This was to be one of my retreats at the beach, where I spend time knitting, resting, designing. I spent the first few days knitting, taking walks and puttering around. I threw a bunch of yarn (collected over the years) on a table, hoping that color combinations would jump out at me and inspire some designs:
The yarn led me down dead end paths. Perhaps they were dead end at the time and may yet lead to new designs. Time will tell.
As it turned out, though, the inspiration came from the place itself.
The resort is situated so that the lodge, restaurants and accommodations are on the east side of Highway 101. It’s about 1/4 mile walk from the rooms to the highway, which you cross to the golf course, spa and shops.
There’s even a lovely yarn shop in The Shops, In The Wind Yarns. It was new to me then, but now it’s a must-stop place whenever I go to the Coast. I love to visit and see all the new things they are working on and what new yarns they’re bringing in. There’s always something fun going on!
But I digress! At last I was going to explore the Salishan Spit, which I had always been curious about. Viewing across the Siletz Bay from Highway 101, there is a thin slice of land with houses on it. How does one get there? During my stay, I learned that The Spit is accessible by car only to residents of the gated community or to guests of the resort. Otherwise, it may be accessed by foot on a trail which begins next to the shops and golf course.
It’s a long hike to traverse the length of the spit. As I approached the end of the spit, I turned a corner and was shocked to discover that we had black (or dark gray) sand on an Oregon beach! It was one of those amazing moments when you find something completely unexpected. I had absolutely no idea we had a dark sand beach in Oregon.
You can see the dark sand over the light here:
And these organic shapes and lines:
It was all hauntingly beautiful.
The building blocks:
Also during my stay at Salishan, I spent time poring over my stitch dictionaries. One stitch in particular, the Japanese Feather, struck me as very beautiful and elegant. An added bonus: as far as lace stitches go, it’s pretty straightforward and easy. And it’s apparent to me that my subconscious zeroed in on that stitch pattern as a representation of all the lovely lines and shapes I had seen during my wanderings – even including that “S” in the Salishan signs.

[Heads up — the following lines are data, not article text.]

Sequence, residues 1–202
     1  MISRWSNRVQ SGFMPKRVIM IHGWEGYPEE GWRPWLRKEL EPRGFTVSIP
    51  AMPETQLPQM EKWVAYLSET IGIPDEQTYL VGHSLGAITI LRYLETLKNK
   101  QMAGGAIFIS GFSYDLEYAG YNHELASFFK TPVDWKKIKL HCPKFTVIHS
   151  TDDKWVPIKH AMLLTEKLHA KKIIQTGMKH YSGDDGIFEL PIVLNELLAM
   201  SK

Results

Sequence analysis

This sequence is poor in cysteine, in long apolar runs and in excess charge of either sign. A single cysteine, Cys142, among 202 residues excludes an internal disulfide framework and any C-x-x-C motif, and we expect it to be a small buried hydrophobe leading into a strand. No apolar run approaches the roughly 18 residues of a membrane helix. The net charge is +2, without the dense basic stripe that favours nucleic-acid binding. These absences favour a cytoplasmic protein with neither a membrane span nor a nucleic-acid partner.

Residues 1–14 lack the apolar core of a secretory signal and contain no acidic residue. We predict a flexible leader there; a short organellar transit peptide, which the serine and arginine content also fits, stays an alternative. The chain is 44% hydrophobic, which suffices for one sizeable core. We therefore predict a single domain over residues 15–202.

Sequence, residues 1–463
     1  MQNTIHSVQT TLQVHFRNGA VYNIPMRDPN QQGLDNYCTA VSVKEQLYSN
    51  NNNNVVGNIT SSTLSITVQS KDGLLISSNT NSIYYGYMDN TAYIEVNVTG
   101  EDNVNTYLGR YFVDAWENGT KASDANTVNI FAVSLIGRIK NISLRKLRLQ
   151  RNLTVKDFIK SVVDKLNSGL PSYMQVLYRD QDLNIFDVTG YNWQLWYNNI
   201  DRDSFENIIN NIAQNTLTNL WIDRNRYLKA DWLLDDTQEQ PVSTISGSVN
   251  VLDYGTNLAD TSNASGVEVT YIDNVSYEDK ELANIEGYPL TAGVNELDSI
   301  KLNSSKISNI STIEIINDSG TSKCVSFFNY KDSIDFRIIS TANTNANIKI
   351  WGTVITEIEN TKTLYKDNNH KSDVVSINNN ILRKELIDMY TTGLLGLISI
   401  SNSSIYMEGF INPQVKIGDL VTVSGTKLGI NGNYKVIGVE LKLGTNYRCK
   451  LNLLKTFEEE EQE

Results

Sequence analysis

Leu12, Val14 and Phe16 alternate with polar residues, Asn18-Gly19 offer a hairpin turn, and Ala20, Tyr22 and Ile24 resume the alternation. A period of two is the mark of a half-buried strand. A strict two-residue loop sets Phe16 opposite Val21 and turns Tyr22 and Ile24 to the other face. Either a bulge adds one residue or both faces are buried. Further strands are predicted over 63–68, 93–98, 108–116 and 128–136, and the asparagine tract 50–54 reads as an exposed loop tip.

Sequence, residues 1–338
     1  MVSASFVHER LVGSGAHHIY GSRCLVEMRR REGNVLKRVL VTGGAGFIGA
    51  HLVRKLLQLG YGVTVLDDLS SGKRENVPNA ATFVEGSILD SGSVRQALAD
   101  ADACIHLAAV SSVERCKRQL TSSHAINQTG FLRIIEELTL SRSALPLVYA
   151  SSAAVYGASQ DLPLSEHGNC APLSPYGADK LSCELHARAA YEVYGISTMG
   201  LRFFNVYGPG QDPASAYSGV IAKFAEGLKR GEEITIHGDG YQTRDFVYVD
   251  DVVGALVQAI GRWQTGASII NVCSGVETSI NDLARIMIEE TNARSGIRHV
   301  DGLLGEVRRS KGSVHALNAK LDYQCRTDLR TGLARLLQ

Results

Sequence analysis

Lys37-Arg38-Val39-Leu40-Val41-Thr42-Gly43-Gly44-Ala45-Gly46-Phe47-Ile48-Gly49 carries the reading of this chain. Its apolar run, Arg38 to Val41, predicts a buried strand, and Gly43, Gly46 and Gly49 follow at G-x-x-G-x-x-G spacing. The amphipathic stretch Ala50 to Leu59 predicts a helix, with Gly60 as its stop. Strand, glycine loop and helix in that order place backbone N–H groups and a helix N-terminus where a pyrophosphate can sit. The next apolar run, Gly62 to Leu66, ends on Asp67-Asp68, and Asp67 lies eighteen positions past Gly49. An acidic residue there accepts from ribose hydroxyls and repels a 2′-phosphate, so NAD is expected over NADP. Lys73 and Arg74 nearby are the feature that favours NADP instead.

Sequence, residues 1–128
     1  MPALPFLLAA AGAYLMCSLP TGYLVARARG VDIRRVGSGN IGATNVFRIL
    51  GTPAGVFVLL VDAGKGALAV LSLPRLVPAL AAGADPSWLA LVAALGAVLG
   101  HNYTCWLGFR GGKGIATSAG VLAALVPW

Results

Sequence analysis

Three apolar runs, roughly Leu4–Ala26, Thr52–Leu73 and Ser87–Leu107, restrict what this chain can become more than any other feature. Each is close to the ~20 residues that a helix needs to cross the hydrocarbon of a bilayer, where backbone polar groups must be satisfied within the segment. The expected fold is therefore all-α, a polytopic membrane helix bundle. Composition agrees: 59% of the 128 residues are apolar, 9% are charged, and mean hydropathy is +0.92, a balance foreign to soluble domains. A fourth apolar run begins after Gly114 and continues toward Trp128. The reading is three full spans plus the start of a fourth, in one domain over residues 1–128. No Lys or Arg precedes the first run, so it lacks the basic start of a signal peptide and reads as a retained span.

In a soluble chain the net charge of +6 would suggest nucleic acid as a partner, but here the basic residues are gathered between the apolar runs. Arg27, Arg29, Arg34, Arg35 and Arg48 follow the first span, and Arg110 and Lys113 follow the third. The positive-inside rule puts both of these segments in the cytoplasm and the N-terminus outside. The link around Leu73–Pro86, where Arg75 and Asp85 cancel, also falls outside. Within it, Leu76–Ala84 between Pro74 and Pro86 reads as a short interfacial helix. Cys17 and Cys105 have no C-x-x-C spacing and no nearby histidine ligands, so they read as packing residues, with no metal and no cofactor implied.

The process and the pattern:
During the next six months, the impressions from Salishan and the thoughts of that stitch remained with me. Sometime in December of 2014 or early January 2015, I found the perfect edging for the cowl: the Herringbone Stitch. It would create a pleasing contrast of a highly structured edging with the organic shape of the Japanese Feather. Additionally, it was a stitch that wasn’t being used by a large number of designers, so it would create a unique look. And finally, it’s a fun stitch to work, albeit time consuming.
The pattern also includes the option of working a Seed Stitch border. It is easier and quicker than the Herringbone Stitch border, and it still creates an elegant look.
Worked in Malabrigo Silky Merino, this cowl just floats! It also is lovely in Rowan Felted Tweed.
This design is really one of my favorites. Not only do I feel like a million bucks whenever I wear this cowl, but I have the treasured memory of finding this beautiful and unexpected, somewhat hard-to-reach beach, which I hope to visit many, many more times in the future.
Colour – the property possessed by an object of producing different sensations on the eye as a result of the way it reflects or emits light.
Life – a particular type or aspect of human existence
As a knitwear designer, this photo sums it up for me. I love the play of color and light within the photo…my design life centers around color, light, and the tools of the trade, along with imagination, texture, yarn, and thought.
This is my second entry in Julia’s My Red Page‘s weekly Camera Lucida Photo Challenge.